Selecting a Boating Medical Kit
By Tom Burden, Last Updated: 8/12/2019
We offer a variety of medical kits that include everything you need to care for your crew on short or extended trips.
Boating is one of the last opportunities for a truly self-sufficient experience in our always-connected world, and this includes the possibility of handling medical problems. While medical attention may only be a few hours away, it becomes the responsibility of someone onboard to administer appropriate first aid. Boaters who face an onboard medical emergency need the appropriate tools, not only because a medical or first aid kit could save a life but also avoid an expensive visit to a hospital in a remote location. A little preparation and planning could make all the difference.
First Aid Kits vs. Medical Kits
Do you need a first aid kit that can treat the basics like abrasions, sunburn, minor cuts and sprains? Should you invest in a more elaborate collection that can help deal with significant illnesses or injuries at sea? There’s no standard medical kit that’s right for every boat, so be sure to pick one based on the length of your trip and the number of people in the crew. Basic medical kits designed for four or fewer people on a two-day trip and a reasonably-equipped first aid kit for the same number of folks on a day trip are very cost effective. More comprehensive marine medical kits can cover up to 14 people for a month on an offshore voyage. With many options in between, you can consider the following questions to help define your needs. The list could continue in even more detail, and those planning for serious offshore cruising or racing need to explore all these topics and more.Questions to Ask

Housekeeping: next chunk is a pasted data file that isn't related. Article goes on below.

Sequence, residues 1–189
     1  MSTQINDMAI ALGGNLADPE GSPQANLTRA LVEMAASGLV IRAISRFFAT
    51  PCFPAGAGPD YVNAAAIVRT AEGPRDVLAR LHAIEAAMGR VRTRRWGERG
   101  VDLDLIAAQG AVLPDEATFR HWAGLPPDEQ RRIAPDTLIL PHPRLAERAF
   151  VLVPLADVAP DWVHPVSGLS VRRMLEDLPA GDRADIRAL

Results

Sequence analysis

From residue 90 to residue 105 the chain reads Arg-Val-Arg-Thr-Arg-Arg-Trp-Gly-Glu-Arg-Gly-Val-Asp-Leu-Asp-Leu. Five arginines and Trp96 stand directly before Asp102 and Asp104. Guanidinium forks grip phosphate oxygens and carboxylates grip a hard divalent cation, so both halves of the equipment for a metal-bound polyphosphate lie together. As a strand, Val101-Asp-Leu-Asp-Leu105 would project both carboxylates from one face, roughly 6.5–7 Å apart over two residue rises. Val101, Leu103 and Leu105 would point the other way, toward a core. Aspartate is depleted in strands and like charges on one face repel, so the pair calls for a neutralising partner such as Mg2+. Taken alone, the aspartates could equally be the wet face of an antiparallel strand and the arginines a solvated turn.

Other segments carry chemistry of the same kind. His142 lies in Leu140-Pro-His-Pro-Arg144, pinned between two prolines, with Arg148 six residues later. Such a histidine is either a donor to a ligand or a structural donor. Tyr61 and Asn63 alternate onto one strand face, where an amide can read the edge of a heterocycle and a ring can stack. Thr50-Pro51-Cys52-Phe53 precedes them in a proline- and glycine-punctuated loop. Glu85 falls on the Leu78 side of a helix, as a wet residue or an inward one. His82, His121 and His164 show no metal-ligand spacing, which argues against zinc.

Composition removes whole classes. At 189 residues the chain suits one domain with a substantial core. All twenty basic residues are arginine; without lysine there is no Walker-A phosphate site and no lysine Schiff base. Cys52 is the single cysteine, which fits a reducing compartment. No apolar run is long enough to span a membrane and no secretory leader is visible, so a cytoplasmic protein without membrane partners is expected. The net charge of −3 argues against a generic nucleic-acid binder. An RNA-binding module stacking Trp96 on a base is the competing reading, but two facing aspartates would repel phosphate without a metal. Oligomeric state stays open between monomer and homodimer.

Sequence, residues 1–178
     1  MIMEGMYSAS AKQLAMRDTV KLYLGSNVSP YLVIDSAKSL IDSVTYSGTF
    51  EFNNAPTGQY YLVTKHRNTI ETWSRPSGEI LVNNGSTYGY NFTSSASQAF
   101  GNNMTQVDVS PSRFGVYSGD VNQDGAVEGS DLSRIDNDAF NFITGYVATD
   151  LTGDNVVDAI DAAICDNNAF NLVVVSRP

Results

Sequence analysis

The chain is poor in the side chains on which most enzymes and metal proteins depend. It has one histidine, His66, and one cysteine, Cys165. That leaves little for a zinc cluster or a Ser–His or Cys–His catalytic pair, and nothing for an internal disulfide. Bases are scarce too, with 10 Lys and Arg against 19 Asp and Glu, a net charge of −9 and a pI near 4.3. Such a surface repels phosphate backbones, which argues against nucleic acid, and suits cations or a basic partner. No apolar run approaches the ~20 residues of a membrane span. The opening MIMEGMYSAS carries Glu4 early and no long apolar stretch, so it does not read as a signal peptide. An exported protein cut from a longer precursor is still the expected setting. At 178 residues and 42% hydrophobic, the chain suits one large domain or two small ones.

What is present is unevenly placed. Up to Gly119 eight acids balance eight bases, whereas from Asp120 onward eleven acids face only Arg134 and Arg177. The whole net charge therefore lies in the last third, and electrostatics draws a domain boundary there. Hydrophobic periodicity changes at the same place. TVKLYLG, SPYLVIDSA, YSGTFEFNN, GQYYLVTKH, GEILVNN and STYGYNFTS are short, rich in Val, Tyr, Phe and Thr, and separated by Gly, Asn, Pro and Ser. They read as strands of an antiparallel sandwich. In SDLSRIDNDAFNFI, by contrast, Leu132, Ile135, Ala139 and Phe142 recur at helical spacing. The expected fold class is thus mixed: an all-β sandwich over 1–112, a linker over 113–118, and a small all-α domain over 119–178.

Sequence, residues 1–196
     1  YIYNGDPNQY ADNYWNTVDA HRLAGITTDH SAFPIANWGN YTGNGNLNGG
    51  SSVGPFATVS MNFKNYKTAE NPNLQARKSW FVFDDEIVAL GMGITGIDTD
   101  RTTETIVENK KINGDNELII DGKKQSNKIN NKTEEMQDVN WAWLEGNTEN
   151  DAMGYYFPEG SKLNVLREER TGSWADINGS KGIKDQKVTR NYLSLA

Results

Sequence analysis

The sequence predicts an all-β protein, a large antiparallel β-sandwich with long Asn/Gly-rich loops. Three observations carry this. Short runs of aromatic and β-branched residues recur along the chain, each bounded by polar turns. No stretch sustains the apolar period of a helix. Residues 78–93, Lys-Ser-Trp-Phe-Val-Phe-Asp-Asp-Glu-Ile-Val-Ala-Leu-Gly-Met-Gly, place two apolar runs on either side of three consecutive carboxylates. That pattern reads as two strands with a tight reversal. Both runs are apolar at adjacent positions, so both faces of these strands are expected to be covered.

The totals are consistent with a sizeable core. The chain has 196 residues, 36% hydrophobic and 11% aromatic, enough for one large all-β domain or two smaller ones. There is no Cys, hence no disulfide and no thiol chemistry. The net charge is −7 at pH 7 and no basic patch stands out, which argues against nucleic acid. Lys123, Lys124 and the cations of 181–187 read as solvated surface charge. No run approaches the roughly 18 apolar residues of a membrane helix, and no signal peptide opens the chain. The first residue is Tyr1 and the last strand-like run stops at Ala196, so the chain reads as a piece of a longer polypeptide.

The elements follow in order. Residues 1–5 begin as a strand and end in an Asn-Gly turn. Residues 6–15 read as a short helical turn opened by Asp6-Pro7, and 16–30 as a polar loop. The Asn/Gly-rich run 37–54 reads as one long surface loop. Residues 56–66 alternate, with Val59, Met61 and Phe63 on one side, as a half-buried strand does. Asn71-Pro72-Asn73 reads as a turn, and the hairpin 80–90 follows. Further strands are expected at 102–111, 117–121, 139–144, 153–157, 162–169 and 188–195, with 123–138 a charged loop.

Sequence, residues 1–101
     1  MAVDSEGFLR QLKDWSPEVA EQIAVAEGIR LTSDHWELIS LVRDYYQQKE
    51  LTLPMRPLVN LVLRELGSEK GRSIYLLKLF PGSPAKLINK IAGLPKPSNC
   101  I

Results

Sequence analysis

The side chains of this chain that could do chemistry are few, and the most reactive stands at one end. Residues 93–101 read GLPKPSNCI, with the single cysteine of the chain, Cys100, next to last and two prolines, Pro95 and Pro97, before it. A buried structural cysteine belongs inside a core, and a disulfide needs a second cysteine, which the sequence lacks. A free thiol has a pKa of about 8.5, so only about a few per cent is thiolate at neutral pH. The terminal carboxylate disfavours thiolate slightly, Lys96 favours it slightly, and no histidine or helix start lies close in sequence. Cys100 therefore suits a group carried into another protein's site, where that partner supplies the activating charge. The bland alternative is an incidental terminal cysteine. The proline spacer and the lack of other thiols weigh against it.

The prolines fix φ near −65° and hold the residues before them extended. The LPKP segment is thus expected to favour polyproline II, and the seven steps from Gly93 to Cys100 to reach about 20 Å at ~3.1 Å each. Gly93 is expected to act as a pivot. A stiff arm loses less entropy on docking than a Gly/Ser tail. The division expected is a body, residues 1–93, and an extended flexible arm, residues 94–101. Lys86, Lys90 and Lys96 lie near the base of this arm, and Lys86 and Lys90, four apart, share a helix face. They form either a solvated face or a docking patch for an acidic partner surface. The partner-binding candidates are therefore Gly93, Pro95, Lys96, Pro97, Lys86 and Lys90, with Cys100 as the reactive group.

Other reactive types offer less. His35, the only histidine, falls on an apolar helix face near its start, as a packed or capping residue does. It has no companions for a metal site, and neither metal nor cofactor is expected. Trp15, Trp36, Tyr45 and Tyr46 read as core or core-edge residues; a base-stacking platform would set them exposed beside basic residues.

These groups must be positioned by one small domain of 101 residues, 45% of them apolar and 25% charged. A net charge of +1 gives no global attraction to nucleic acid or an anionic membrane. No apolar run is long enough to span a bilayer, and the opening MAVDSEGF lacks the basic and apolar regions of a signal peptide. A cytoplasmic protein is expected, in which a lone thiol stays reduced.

- What is your boating style? Are you primarily an angler, a watersports junkie, daysailor, coastal cruiser, racer or long-distance voyager? How long are you likely to be completely self-reliant? Hours? Days? Weeks?
- How about your crew? Who are your passengers? Will there be children aboard? Do members of your crew have specific health problems to consider, like heart problems or diabetes? Does anyone regularly require prescription medicines? What are their ages and general health status?
- What communication gear will you have aboard? VHF radio, SSB, a satellite phone, just a cell phone?
- Do members of your crew have special skills? Like first aid or CPR training or a medical/nursing background? Are you an improviser? Could you easily use leeboards and duct tape to build a traction splint for a broken leg?
- Custom-made vs. off-the-shelf kits? Do you have the time, skills, energy and interest to custom-build your own kit from scratch, or are you looking for an “off-the-shelf” kit to meet your needs, perhaps with a little customization?